(5) These decisions would indicate tht when it is alleged in any criminal proceedings that an accused is deaf and dumb , the Court may proceed with the enquiry or trial, but it should first enquire into the antecedents of the accused and should also make an endeavour to find out as to how his friends and close relatives are accustomed to communicate with him in ordinary affairs and record its own conclusions, if necessary by taking evidence. The Court if it finds that the accused is unable to follow and understand the proceedings can proceed with the enquiry or trial and can commit the accused. or convict him for the offence with which he is charged. In either of the two cases, the Court must refer the matter to the High Court under S. 341 of the Cr. P. C. Under the provisions of this section the High Court has wide powers to take such action and to give such directions as it deems fit and proper in the interest of justice to ensure a fair trial of the accused, if it decides that the trial should proceed against him, after the order of committal. However, the Court trying such and accused will be directed to see that he has the necessary legal assistance, that the trial proceeds on the basis that the accused has pleaded not guilty to the charge, and that all possible defences open to him in the circumstances of the case are considered. The fact, however that an accused is deaf and dumb and is unable to follow and understand the nature of the proceedings against him would not exempt him from punishment if it be shown and found that he had sufficient intelligence to understand the criminal character of his act.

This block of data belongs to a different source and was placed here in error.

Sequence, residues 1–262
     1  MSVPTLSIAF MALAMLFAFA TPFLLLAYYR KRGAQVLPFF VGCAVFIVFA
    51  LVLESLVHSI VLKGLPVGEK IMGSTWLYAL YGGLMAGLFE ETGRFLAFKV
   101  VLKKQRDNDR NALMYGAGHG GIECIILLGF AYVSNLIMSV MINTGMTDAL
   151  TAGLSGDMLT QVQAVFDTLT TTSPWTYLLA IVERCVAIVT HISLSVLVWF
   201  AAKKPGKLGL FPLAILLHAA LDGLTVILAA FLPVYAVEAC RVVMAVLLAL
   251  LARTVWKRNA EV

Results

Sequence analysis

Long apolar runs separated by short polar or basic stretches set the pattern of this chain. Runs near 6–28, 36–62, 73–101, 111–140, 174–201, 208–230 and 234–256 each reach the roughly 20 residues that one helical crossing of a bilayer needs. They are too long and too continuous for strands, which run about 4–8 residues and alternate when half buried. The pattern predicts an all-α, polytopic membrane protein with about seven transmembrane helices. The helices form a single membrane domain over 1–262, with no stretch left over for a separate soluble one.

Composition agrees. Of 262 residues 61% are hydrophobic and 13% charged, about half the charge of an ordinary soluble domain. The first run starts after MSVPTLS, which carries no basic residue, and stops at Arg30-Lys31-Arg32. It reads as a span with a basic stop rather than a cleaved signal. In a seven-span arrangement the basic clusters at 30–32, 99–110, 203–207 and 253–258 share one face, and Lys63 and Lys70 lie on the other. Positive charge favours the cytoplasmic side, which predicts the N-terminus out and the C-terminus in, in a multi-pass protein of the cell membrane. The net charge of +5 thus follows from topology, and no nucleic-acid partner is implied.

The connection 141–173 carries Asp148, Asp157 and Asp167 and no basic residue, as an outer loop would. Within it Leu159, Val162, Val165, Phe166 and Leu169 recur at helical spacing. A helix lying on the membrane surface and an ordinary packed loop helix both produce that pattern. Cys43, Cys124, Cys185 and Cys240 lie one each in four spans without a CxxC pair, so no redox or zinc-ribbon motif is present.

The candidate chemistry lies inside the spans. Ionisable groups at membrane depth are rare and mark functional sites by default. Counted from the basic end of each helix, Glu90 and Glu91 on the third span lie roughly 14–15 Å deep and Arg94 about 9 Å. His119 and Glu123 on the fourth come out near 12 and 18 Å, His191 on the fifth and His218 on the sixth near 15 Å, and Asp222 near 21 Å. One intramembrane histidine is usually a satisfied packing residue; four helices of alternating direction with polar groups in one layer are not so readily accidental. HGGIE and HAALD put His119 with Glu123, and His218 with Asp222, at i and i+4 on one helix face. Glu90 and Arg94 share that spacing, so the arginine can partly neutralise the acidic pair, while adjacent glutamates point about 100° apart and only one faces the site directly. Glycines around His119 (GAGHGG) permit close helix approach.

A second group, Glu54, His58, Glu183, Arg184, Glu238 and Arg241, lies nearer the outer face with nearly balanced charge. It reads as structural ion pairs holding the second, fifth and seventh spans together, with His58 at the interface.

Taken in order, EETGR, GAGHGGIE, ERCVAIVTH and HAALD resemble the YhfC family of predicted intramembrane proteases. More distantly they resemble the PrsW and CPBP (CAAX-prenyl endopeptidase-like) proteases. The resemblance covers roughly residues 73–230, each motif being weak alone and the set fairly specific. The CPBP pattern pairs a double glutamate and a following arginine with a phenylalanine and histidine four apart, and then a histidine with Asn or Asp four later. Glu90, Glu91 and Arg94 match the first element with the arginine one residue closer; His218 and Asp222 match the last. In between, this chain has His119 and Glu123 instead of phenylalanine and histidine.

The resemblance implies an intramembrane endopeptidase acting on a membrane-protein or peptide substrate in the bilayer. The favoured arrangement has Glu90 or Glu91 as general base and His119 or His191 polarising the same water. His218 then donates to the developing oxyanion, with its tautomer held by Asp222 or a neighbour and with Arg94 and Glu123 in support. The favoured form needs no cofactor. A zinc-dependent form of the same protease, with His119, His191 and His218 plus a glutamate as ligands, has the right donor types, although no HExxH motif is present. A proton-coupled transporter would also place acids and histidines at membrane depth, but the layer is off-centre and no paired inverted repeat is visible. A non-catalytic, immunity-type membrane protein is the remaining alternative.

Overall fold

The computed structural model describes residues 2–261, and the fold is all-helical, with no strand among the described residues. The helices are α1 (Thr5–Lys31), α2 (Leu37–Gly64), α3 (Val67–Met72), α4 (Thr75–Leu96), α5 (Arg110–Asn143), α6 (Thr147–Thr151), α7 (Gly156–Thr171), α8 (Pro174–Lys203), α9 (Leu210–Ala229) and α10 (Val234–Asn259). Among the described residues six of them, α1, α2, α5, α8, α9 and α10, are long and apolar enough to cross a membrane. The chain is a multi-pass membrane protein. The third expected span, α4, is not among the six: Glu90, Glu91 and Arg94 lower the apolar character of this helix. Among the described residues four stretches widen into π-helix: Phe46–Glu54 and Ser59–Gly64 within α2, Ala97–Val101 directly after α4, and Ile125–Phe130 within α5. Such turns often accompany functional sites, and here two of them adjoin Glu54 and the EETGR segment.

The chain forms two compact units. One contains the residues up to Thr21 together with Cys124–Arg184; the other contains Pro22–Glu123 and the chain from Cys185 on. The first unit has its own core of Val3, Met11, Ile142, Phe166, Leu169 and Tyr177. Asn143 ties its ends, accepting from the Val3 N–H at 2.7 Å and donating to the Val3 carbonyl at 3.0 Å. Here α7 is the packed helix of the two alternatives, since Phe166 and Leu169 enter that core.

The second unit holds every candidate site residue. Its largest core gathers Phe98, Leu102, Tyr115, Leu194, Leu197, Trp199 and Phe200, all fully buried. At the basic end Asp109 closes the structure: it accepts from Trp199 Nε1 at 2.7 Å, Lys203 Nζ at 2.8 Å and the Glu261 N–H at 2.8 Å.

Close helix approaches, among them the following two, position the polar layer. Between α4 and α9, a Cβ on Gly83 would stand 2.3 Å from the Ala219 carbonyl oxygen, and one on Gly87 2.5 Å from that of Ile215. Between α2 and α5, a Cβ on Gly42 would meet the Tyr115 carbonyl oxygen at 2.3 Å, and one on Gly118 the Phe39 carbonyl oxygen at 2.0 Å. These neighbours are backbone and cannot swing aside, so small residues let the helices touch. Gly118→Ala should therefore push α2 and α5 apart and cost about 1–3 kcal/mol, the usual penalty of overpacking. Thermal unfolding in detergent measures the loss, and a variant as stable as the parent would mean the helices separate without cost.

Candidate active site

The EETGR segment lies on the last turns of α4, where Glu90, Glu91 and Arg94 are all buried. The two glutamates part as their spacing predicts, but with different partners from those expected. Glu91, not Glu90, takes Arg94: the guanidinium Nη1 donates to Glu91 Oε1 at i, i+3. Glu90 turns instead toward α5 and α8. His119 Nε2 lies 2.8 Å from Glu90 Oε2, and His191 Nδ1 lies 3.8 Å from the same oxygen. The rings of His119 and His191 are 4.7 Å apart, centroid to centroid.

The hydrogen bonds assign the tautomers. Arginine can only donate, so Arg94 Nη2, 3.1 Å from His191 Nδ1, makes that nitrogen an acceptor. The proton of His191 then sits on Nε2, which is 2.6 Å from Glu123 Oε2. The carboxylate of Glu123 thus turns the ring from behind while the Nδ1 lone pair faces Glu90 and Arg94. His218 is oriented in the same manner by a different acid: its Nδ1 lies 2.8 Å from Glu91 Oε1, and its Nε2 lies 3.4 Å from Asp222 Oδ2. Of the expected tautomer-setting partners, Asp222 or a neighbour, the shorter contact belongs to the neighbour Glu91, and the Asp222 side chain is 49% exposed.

(6) In our Judgment, therefore, as the learned Magistrate has found that the accused is deaf and dumb and unable to follow the proceedings against him and held that a prima facie case has been made out against him, and has committed the accused to stand his trial before the Court of Session on a charge under S. 302 of the I. P. C., it is necessary to direct that his trial may proceed in accordance with law for the offence with which he is charged. There is no question of directing the appointment of an advocate at Government cost to defend the accused in the present case, as Mr. Shevakramani, learned advocate appearing on behalf of the accused in this reference, has informed us that that is not necessary in view of the fact that he has been instructed to appear for the accused in the Sessions trial also. In case the Sessions Court finds on the evidence that the accused is guilty of any offence and convicts him, it will have to make a further reference to this Court under the provisions of S. 341 of the Cr. P. C.
(7) The result is that we direct that the trial of the accused should proceed in accordance with law, under S. 302 of the I. P. C., in the light of this judgment. Papers should be sent to the learned Sessions Judge at Kolhapur immediately.
(8) Order accordingly.